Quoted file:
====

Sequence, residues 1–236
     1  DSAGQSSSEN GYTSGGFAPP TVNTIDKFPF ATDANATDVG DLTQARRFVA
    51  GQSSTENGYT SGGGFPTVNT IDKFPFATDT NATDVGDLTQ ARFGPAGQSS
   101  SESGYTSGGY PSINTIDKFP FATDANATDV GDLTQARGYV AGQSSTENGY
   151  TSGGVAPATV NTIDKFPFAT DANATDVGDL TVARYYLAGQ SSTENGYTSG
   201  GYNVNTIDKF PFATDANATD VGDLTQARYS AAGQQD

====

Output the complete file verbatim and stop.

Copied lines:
Sequence, residues 1–236
     1  DSAGQSSSEN GYTSGGFAPP TVNTIDKFPF ATDANATDVG DLTQARRFVA
    51  GQSSTENGYT SGGGFPTVNT IDKFPFATDT NATDVGDLTQ ARFGPAGQSS
   101  SESGYTSGGY PSINTIDKFP FATDANATDV GDLTQARGYV AGQSSTENGY
   151  TSGGVAPATV NTIDKFPFAT DANATDVGDL TVARYYLAGQ SSTENGYTSG
   201  GYNVNTIDKF PFATDANATD VGDLTQARYS AAGQQD